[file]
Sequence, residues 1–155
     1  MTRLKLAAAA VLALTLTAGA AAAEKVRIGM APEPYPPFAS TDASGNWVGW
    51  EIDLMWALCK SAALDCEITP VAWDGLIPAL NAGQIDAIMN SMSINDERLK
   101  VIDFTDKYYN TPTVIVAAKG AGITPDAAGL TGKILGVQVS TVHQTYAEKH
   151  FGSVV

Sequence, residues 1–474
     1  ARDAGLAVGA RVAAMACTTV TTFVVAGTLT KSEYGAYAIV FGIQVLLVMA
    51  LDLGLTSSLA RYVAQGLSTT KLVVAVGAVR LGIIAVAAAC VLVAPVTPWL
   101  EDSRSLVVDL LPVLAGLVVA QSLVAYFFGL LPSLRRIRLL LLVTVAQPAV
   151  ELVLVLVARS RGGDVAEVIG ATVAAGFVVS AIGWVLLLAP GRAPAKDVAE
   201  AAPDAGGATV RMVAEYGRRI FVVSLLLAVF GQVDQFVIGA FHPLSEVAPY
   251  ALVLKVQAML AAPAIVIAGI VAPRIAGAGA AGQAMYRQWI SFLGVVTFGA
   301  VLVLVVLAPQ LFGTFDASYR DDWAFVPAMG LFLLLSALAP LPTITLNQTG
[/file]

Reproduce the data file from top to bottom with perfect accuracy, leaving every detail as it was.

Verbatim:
Sequence, residues 1–155
     1  MTRLKLAAAA VLALTLTAGA AAAEKVRIGM APEPYPPFAS TDASGNWVGW
    51  EIDLMWALCK SAALDCEITP VAWDGLIPAL NAGQIDAIMN SMSINDERLK
   101  VIDFTDKYYN TPTVIVAAKG AGITPDAAGL TGKILGVQVS TVHQTYAEKH
   151  FGSVV

Sequence, residues 1–474
     1  ARDAGLAVGA RVAAMACTTV TTFVVAGTLT KSEYGAYAIV FGIQVLLVMA
    51  LDLGLTSSLA RYVAQGLSTT KLVVAVGAVR LGIIAVAAAC VLVAPVTPWL
   101  EDSRSLVVDL LPVLAGLVVA QSLVAYFFGL LPSLRRIRLL LLVTVAQPAV
   151  ELVLVLVARS RGGDVAEVIG ATVAAGFVVS AIGWVLLLAP GRAPAKDVAE
   201  AAPDAGGATV RMVAEYGRRI FVVSLLLAVF GQVDQFVIGA FHPLSEVAPY
   251  ALVLKVQAML AAPAIVIAGI VAPRIAGAGA AGQAMYRQWI SFLGVVTFGA
   301  VLVLVVLAPQ LFGTFDASYR DDWAFVPAMG LFLLLSALAP LPTITLNQTG